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Kitano Tenman-gū (北野天満宮) hosts one of the largest Flea Markets in Kyoto every 25th of the month irregardless of the day of the week (I hear the one at Toji on the 21st is even larger but I had to save the joy of visiting that market till my next time in Japan).
When a friend found out I was going to be in Japan on the 25th but was going to be in Tokyo she had some advice. “Change your plans!”
How right she was!
For anyone who loves kimono and are looking for something – anything – you can’t go wrong at Tenman-gū. If all you want is a robe to wear around the house – and don’t take my word for it, I was told by several of the vendors there not to worry about the length of my sleeve, just enjoy wearing it around the house! – or if you want every piece that you need to build your kimono closet on a budget, you have come to the right place!
Almost every tent I stopped at (and there were many!) started at 1000 yen for their kimono and obi and some started at 500 yen! To translate that into American dollars $5-$10! Unbelievable! They also had obi age, obi jime, koshihimo, everything you could possibly imagine you needed for your kitsuke for only $1 if you were careful and looked around.
Now, if you are looking for a much better quality kimono you obviously are going to pay a higher price and you may or may not find it at Tenman-gū. There were some beautiful kimono in wonderful condition starting around $50. Which is still an amazing bargain and you might stumble upon a real treasure! I brought home 2 kimono, 2 juban and quite a few kitsuke items, even a kasane eri for $1 that still had it’s original $92 price tag on it!!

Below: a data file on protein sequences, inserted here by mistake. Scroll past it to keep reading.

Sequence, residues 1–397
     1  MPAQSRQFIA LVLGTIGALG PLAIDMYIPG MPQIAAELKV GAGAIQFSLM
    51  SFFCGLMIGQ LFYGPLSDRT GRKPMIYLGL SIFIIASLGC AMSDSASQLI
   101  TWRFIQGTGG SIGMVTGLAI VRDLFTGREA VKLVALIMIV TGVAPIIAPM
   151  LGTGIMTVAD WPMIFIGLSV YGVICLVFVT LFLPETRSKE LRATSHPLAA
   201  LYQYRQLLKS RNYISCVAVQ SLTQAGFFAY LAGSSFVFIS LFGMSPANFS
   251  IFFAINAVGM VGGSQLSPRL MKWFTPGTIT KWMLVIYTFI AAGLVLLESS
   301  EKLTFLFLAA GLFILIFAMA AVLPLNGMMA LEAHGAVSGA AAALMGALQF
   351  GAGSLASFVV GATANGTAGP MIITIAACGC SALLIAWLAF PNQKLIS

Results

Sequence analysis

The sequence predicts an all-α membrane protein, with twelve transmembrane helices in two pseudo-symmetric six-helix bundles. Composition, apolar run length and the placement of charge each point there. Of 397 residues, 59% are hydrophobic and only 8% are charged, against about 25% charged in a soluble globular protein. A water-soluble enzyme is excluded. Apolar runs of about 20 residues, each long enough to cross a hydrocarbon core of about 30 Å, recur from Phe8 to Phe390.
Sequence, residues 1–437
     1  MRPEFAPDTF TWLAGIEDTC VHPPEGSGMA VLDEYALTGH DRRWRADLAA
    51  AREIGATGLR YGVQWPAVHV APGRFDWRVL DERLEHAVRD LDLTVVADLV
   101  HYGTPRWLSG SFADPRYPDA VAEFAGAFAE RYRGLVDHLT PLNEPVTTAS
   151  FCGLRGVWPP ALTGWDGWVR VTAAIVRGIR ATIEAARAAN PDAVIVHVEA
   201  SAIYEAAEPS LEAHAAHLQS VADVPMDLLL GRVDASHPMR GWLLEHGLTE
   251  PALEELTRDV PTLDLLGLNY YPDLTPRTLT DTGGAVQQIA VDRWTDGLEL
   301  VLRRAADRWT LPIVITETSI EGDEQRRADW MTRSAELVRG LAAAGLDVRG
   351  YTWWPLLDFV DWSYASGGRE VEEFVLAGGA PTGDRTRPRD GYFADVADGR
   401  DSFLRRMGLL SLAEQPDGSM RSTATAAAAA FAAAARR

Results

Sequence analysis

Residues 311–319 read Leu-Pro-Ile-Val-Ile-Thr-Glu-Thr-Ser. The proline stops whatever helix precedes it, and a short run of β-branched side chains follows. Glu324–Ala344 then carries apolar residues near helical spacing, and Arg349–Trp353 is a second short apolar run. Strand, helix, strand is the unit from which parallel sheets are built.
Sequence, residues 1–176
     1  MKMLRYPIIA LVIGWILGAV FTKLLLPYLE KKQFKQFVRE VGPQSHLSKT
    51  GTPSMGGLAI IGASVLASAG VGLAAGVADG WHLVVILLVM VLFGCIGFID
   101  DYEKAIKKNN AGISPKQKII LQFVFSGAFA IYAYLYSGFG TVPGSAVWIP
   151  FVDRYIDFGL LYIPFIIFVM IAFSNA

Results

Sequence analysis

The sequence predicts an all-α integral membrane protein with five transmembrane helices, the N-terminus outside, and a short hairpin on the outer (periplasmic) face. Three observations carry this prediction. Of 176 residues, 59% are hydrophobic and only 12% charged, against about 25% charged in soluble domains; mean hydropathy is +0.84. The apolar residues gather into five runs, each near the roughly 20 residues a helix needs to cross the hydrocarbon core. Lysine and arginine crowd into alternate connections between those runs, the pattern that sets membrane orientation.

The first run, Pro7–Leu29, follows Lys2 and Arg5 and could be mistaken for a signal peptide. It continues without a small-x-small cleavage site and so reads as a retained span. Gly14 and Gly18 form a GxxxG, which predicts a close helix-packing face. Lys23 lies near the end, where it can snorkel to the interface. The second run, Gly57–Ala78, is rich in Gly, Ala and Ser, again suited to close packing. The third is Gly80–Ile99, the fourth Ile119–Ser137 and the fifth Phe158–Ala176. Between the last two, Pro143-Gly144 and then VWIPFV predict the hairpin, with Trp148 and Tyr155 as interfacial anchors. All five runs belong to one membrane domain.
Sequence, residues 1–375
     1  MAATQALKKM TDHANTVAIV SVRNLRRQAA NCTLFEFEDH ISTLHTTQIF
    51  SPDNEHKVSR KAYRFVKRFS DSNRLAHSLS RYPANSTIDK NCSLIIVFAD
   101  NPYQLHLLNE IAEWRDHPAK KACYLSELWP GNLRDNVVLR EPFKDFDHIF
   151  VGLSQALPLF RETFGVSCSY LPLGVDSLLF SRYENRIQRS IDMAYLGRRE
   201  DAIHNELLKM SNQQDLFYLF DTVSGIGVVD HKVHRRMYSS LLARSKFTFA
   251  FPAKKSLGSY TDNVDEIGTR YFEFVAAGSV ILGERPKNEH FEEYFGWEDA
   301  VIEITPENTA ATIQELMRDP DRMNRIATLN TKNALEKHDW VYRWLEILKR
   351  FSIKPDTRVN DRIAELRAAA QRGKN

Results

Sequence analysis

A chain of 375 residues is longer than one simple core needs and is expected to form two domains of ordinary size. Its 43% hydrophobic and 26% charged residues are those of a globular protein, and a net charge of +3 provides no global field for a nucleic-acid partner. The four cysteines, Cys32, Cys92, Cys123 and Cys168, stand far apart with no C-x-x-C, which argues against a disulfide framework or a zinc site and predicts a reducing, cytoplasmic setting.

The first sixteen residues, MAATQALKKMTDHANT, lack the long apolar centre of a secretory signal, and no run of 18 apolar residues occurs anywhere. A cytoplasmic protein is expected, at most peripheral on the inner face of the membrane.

You will, of course, want to check over every inch of the items that you are looking at. These are, for 99% of items there, used, vintage or antique. I would say that stains are not so much of a problem for the pieces of your kitsuke that no one is going to see. But for the juban, you will want to make sure that the sleeves are clean and also any piece that might peek out from under the kimono. I purposefully bought a stunning blue kimono with butterflies on it that was stained just so I could see if I could remove them. But unless you are up for a cleaning adventure you are going to want to make sure that what you are buying is free from stains, smells and tears.
I don’t think it would be underestimating it to say give yourself several hours here, if not all day. After all there is more than just the kimono to see, one mustn’t forget the shrine itself and, if you are there in season, it’s plum blossom garden! Also, just when you think you have reached the end of the line of tents there is a corner to turn and even more to see! And while the market officially winds down around 5pm – you will find sellers doing business for as long as there are people to buy from them.